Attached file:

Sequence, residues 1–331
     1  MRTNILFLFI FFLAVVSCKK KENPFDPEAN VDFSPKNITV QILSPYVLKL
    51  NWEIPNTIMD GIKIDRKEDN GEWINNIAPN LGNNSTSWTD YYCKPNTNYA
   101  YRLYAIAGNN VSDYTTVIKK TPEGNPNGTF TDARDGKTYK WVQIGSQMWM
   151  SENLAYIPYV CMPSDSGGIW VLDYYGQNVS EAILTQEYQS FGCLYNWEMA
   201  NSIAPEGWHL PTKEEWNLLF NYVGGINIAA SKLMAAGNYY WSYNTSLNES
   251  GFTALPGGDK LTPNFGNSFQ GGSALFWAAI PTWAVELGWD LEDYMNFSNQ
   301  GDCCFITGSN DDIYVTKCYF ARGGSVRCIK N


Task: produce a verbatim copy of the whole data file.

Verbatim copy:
Sequence, residues 1–331
     1  MRTNILFLFI FFLAVVSCKK KENPFDPEAN VDFSPKNITV QILSPYVLKL
    51  NWEIPNTIMD GIKIDRKEDN GEWINNIAPN LGNNSTSWTD YYCKPNTNYA
   101  YRLYAIAGNN VSDYTTVIKK TPEGNPNGTF TDARDGKTYK WVQIGSQMWM
   151  SENLAYIPYV CMPSDSGGIW VLDYYGQNVS EAILTQEYQS FGCLYNWEMA
   201  NSIAPEGWHL PTKEEWNLLF NYVGGINIAA SKLMAAGNYY WSYNTSLNES
   251  GFTALPGGDK LTPNFGNSFQ GGSALFWAAI PTWAVELGWD LEDYMNFSNQ
   301  GDCCFITGSN DDIYVTKCYF ARGGSVRCIK N